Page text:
Satur-deja Vu

20191125_141651Watch too much Alton Brown and you too may find yourself taking selfies with vegetables. What really happened is that I cut up several different raw vegetables and put together a veggie platter. True story: a few years ago I was cutting up bell peppers, broccoli, cucumbers and baby carrots to make a similar tray for an event. My mother asked if people really ate raw bell peppers like that. I pointed out the round section in the middle of the empty plastic tray and told her that space was for a cup of ranch dressing. “People will eat rubber car tires if they can dip them in ranch dressing.” She said I was probably right.

Welcome to Saturday. Enjoy the Deja Vu. Continue reading

Satur-deja Vu

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With Thanksgiving coming up next week I’m going to reshare some favorite images from years past. A couple of these actually predate Happy Monday; I’ve been on Facebook since 2009 and blogging on WordPress since 2008. We’ve got some news items and other random bits as well. Maybe you’ve seen some of these before, maybe not. Welcome to the Satur-deja Vu. Continue reading

Holiday Shopping Season

Screenshot 2019-11-08 at 11.53.56 AMThey say you have to pick your battles. For those of you that begin Halloween on September 1st and Christmas on November 1st, I choose not to fight that battle. I just quietly look the other way. That bell cannot be unrung. I want to address something different and perhaps I have stumbled onto something brilliant. Continue reading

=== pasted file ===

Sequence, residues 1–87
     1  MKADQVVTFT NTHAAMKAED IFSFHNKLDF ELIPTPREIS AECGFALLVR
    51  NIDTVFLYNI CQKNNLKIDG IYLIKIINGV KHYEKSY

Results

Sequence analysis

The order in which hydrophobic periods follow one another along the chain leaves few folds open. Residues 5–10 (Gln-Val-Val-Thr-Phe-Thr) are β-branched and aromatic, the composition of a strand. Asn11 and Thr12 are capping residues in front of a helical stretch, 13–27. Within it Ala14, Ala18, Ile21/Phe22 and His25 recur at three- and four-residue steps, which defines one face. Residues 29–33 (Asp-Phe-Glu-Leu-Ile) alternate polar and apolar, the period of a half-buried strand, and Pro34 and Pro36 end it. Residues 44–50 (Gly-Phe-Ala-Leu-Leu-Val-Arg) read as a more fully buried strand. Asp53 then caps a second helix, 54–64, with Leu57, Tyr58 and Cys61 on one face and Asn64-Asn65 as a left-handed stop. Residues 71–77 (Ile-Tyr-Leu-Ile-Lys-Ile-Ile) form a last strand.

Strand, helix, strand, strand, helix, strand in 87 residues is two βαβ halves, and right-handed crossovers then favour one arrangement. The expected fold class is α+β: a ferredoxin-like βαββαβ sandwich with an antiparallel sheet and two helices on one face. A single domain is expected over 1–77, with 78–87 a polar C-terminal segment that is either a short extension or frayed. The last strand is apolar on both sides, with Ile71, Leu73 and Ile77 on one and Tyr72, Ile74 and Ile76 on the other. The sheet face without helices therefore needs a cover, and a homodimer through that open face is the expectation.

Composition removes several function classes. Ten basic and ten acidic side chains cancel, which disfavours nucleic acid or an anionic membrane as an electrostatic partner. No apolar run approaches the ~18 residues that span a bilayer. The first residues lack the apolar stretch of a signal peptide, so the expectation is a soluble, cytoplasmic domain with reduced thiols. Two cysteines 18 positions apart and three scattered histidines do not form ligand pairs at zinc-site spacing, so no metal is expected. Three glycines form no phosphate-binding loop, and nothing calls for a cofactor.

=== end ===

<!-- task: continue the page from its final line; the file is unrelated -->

From the Archives: Enter His Gates with Thanksgiving

Originally published November 24, 2010

Christmas is the celebration of Jesus’s birth, but there is no biblical command to observe it. There are however feasts, songs and prayers of thanksgiving are all over the Bible. I’m not saying there is anything wrong with Christmas; during his lifetime Jesus was an observant Jew, and every indication is that he observed all the Jewish festivals, including the historical ones not just the religious festivals commanded in scripture. The arrival of “God with us” is a major turning point in all of history. But we are commanded to praise God and give thanks. Moses sang songs of thanksgiving, David wrote his own. James reminds us that “every good gift and perfect gift is from above.” The United States was the first country to observe a national holiday for giving thanks. Continue reading

Happy Monday: Thanksgiving Special

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Most of our readers are in the United States and will celebrate Thanksgiving later this week. So let’s “get off on the good foot” with a compilation of scriptures and other fun things that make us smile. We live in a crazy world but there is much to be thankful for. Continue reading

Thanksgiving Day 2014

happy everything

The Master’s Table – offering God honoring, Christ centered blogging since 2008. On the one hand that’s pretty awesome. On the other hand that means annual activities, like Thanksgiving Day, have already been done. I’m not sure I have much more to say on that subject.